Collaboration

Tech Tip: Prevent hacker probing: Block bad ICMP messages

By Mike Mullins

While most network administrators do a fairly good job of filtering TCP and UDP traffic, many forget to filter Internet Control Message Protocol (ICMP) traffic. ICMP traffic is necessary for troubleshooting TCP/IP and for managing its flow and proper function. However, ICMP is also dangerous. Hackers can use it to map and attack networks, so it needs to be restricted.

Like TCP and UDP, ICMP is a protocol within TCP/IP that runs over IP. Unlike TCP and UDP, ICMP is a network layer protocol—not a transport layer protocol. For more information on ICMP, see its request for comments (RFC) on the Internet Engineering Task Force's (IETF) Web site.

Bad ICMP

Some ICMP message types are necessary for network administration. Unfortunately, hackers have found a way to turn a good network tool into an attack. The most common types of ICMP attacks are:

  • ICMP packet magnification (or ICMP Smurf): An attacker sends forged ICMP echo packets to vulnerable networks' broadcast addresses. All the systems on those networks send ICMP echo replies to the victim, consuming the target system's available bandwidth and creating a denial of service to legitimate traffic.
  • Ping of death: An attacker sends an ICMP echo request packet that's larger than the maximum IP packet size. Since the received ICMP echo request packet is larger than the normal IP packet size, it's fragmented. The target can't reassemble the packets, so the OS crashes or reboots.
  • ICMP flood attack: A broadcast storm of pings overwhelms the target system so it can't respond to legitimate traffic.
  • ICMP nuke attack: Nukes send a packet of information that the target OS can't handle, which causes the system to crash.

Good ICMP

Several common tools use ICMP and are necessary for normal administration, use, and troubleshooting on your network. These tools include ping, traceroute, and path MTU discovery.

Ping
When you ping a destination network address, you're sending an ICMP packet with message type 8 (Echo) code 0 (Echo—Request) to that address. The ICMP reply packet has a message type 0 (Echo) code 0 (Echo—Reply).

Traceroute
When you run a traceroute to a target network address, you send a UDP packet with one time to live (TTL) to the target address. The first router this packet hits decreases the TTL to 0 and rejects the packet. Now the TTL for the packet is expired. The router sends back an ICMP message type 11 (Exceeded) code 0 (TTL—Exceeded) packet to your system with a source address. Your system displays the round trip time for that first hop and sends out the next UDP packet with a TTL of 2.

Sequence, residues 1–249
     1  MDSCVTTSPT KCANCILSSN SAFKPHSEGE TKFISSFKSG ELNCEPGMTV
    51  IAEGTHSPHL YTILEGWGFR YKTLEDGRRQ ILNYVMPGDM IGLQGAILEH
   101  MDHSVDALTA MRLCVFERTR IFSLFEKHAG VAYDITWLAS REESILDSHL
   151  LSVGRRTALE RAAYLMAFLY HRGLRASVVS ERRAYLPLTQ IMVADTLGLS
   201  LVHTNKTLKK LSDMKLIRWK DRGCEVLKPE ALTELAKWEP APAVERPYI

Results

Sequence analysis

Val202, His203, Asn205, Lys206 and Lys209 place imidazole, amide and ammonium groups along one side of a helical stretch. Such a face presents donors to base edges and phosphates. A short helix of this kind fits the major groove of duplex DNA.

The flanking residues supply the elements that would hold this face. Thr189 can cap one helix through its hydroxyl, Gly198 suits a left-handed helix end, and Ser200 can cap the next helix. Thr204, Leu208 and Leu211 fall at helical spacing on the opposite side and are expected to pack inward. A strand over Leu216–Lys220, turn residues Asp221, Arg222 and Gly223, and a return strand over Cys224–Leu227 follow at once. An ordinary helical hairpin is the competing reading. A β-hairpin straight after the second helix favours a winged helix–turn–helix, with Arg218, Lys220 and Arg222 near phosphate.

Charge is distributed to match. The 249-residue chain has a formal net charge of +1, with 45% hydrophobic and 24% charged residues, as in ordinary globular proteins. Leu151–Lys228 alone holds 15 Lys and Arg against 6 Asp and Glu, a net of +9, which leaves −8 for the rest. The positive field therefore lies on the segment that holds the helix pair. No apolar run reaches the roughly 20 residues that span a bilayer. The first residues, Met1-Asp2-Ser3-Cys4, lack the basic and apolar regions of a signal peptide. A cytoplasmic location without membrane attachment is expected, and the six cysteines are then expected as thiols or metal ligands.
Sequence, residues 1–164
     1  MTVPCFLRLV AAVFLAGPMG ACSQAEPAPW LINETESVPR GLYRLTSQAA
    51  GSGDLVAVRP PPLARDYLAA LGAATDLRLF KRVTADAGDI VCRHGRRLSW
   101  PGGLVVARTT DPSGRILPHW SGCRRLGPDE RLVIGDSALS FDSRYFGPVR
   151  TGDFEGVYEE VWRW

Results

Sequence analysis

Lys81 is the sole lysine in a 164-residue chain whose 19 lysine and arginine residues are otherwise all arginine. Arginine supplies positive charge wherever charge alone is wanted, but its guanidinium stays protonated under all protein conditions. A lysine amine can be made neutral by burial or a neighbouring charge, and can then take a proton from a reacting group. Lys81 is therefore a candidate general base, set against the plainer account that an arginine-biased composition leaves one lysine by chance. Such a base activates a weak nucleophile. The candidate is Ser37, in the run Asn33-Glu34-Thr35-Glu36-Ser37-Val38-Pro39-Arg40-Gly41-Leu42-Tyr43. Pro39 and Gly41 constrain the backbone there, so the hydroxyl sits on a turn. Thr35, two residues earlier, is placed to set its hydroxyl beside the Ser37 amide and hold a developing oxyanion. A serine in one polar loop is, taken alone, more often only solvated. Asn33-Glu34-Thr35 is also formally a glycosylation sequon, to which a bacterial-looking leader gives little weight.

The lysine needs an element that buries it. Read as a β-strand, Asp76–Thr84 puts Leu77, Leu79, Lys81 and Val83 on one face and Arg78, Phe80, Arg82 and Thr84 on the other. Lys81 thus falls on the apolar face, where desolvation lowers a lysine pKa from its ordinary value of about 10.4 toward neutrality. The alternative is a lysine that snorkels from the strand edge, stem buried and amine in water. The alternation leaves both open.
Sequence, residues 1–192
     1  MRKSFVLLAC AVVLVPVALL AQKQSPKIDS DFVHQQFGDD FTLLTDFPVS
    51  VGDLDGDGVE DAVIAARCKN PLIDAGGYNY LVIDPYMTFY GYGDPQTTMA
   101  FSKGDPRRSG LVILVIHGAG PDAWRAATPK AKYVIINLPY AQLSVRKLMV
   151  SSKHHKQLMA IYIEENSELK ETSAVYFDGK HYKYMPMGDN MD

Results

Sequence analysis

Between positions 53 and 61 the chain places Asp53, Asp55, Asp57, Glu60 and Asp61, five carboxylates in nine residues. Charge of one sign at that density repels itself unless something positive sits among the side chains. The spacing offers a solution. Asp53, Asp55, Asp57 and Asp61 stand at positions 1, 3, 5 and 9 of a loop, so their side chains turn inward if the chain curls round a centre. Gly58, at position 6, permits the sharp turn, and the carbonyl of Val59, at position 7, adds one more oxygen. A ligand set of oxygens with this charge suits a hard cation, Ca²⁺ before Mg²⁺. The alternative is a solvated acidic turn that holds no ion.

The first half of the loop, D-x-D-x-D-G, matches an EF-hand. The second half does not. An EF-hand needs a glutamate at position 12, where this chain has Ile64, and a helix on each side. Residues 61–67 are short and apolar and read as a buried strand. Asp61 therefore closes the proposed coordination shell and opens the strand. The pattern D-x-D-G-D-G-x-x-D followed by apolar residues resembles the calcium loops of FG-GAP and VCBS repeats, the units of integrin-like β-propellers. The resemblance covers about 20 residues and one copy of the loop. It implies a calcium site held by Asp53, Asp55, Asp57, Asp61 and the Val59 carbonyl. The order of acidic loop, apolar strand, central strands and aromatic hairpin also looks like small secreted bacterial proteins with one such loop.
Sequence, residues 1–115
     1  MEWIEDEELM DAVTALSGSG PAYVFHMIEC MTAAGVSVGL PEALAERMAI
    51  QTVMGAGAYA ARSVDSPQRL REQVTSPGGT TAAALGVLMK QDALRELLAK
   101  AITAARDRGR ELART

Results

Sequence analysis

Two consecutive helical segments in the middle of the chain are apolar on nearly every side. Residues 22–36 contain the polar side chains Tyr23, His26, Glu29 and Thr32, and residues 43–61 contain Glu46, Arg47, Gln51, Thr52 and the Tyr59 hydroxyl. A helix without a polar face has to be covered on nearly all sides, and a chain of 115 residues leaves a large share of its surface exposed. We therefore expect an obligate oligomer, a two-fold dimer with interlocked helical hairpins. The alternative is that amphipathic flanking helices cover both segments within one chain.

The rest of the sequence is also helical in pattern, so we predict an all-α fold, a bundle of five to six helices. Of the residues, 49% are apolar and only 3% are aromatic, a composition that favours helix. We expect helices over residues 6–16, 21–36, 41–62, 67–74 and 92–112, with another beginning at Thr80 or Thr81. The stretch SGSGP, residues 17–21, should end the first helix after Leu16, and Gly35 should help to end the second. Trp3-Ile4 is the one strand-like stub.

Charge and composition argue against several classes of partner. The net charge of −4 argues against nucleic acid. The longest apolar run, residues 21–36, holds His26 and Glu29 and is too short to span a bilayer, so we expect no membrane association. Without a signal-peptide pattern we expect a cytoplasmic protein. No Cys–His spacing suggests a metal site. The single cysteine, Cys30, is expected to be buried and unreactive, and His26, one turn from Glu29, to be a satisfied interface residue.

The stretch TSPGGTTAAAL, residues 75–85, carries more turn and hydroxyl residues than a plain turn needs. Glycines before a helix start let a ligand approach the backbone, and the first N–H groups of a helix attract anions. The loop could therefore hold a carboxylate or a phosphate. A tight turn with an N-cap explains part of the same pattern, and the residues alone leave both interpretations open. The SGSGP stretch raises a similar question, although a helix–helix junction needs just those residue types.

This process continues until you receive an ICMP message type 3 (Unreachable) code 3 (Port—Unreachable) from the destination system. Traceroute is completed when your machine receives a Port-Unreachable message.

If you receive a message with three asterisks [* * *] during the traceroute, then a router in the path doesn't return ICMP messages. Traceroute will continue to send UDP packets until the destination is reached or the maximum number of hops is exceeded.

Path MTU discovery
When you begin a TCP/IP session between two machines, TCP/IP tries to negotiate the size of packets that can be sent during the session. This is called path MTU discovery. The machine that initiates the connection will send the largest packet it can with the DF (Don't Fragment) bit set.

If any router in the path has a smaller MTU (Maximum Transmit Unit), it will drop the packet with the DF bit set. That router will send an ICMP message type 3 (Unreachable) code 4 (Fragmentation—DF—Set) back to the initiating system. On the initiating system, TCP/IP will decrease the packet size and resend the packet.

The bottom line

Without getting into vendor specifics, to keep your network healthy, disable IP-directed broadcasts to all of your routers. Letting traceroute, ping, or any of the other ICMP messages into and through your network from the Internet is an invitation for network mapping, and it could lead to an attack.

You can protect your network from attack by implementing three simple network rules:

  • Allow ping—ICMP Echo-Request outbound and Echo-Reply messages inbound.
  • Allow traceroute—TTL-Exceeded and Port-Unreachable messages inbound.
  • Allow path MTU—ICMP Fragmentation-DF-Set messages inbound.

Don't let poor configuration lead to hacker probing and attacks that are easily blocked. These three simple steps provide a lot of network security.

Mike Mullins has served as a database administrator and assistant network administrator for the U.S. Secret Service. He is a Network Security Administrator for the Defense Information Systems Agency.

Editor's Picks

Free Newsletters, In your Inbox